These are all examples of transit-related capital investments being made by the state, MassDOT/MBTA, being undermined by the BRA approving adjacent 'transit-oriented' developments with large volumes of parking. While in some of these projects, the parking can and probably will be converted to other uses if/when the spaces go underutilized, but that alone is an expensive venture and the inclusion of parking into the development already increases its base cost. This increased cost translates into less housing and higher rents for those fewer units that get built.
But it can get better...
While there's not much that can be done to reduce the volume of parking at these already approved developments, the BRA, Boston Transportation Department, and MBTA can do a much better job of talking to each other in future developments about the real generator of automobile traffic: parking.
Instead of imposing parking 'guidelines', which act more as legal parking minimums, the BRA could offer 'parking credits' for developers to apportion parking off-site in existing parking structures. This would encourage more developers to build less expensive housing that would more effectively address Boston's severe housing crunch.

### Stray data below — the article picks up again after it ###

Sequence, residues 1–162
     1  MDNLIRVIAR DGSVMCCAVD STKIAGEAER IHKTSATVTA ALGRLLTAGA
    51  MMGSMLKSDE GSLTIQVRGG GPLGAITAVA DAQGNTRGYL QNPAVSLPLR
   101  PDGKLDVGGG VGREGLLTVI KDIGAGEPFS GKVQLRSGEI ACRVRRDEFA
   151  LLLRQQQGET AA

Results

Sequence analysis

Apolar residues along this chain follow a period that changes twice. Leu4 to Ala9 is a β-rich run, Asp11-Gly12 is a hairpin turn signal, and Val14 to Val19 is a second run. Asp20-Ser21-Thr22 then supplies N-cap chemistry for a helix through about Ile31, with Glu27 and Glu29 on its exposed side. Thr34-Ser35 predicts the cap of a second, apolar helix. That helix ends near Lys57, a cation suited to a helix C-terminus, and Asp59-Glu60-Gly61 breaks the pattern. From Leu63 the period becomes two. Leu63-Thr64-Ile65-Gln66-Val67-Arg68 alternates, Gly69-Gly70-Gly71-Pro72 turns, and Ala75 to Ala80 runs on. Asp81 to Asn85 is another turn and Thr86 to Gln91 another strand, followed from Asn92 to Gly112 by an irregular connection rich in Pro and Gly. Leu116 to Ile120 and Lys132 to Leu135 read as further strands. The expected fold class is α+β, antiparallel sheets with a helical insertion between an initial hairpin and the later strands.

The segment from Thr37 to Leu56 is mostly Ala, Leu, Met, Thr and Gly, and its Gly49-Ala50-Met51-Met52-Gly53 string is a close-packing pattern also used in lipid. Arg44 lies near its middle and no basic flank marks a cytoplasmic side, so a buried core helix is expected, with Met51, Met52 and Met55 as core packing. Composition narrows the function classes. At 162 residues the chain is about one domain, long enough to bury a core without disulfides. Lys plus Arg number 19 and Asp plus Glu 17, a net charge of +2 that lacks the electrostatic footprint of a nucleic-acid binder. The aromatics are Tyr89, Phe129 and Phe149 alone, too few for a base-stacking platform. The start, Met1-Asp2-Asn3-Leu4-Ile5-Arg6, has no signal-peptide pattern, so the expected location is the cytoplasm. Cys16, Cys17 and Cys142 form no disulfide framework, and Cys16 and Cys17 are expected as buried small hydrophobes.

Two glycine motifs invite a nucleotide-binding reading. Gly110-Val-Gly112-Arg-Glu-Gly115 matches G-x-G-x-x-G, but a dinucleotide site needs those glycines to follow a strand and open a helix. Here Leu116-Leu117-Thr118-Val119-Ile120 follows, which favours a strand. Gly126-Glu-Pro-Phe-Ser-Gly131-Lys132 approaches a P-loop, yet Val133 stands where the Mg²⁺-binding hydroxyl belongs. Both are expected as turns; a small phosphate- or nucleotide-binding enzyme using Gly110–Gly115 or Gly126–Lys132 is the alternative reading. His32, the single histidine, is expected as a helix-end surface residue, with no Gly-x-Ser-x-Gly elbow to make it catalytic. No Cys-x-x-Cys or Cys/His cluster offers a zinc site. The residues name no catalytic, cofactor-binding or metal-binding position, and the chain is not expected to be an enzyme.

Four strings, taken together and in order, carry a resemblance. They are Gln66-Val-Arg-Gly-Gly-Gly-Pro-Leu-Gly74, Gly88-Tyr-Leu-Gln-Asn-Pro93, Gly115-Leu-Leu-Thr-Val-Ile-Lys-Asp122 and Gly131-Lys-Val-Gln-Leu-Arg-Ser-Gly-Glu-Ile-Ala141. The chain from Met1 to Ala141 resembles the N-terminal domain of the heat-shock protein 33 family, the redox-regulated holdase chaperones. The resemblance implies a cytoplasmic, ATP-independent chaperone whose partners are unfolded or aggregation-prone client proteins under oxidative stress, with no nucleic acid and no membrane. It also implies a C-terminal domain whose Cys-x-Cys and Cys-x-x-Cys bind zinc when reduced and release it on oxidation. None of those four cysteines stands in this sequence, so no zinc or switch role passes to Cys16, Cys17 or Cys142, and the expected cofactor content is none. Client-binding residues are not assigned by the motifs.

Additionally, the new developments don't necessarily need 1:1 or even 1:2 parking ratios because of a significant latent demand for housing without parking and the ability to address travel needs by improving the reliability of transit. Parking 'needs' can and will be further driven down by increasing the number of amenities and affordable, modern office spaces in the area, practically inherent in the act of increasing density with new development.
What else can we do with less expensive developments? Well, we can encourage developers to include modern civic and municipal spaces into new buildings. The city can even create new revenue with forward-thinking land use deals instead of selling the property outright for a one-time cash infusion. This further adds to the number of amenities within walking distance to new and existing developments and increases the livability and value of our neighbourhoods.
Again, it all comes down to our transportation choices when we have the opportunities to remake our cities block-by-block. 'When I design a building, the first thing I have to resolve is my parking,' Mariscal notes, just as every other developer before him and any to follow. By beefing up transit and actually treating it like the lifeblood of our city, we can reduce the pressure on developers to design parking into their buildings and the cost of our rent. In time, Bostonians will learn put down their shivs and not have a conniption over each development proposed without or with little parking when there's transit nearby just waiting to be improved. The BRA isn't helping by not doing its due diligence and addressing resident concerns with reason.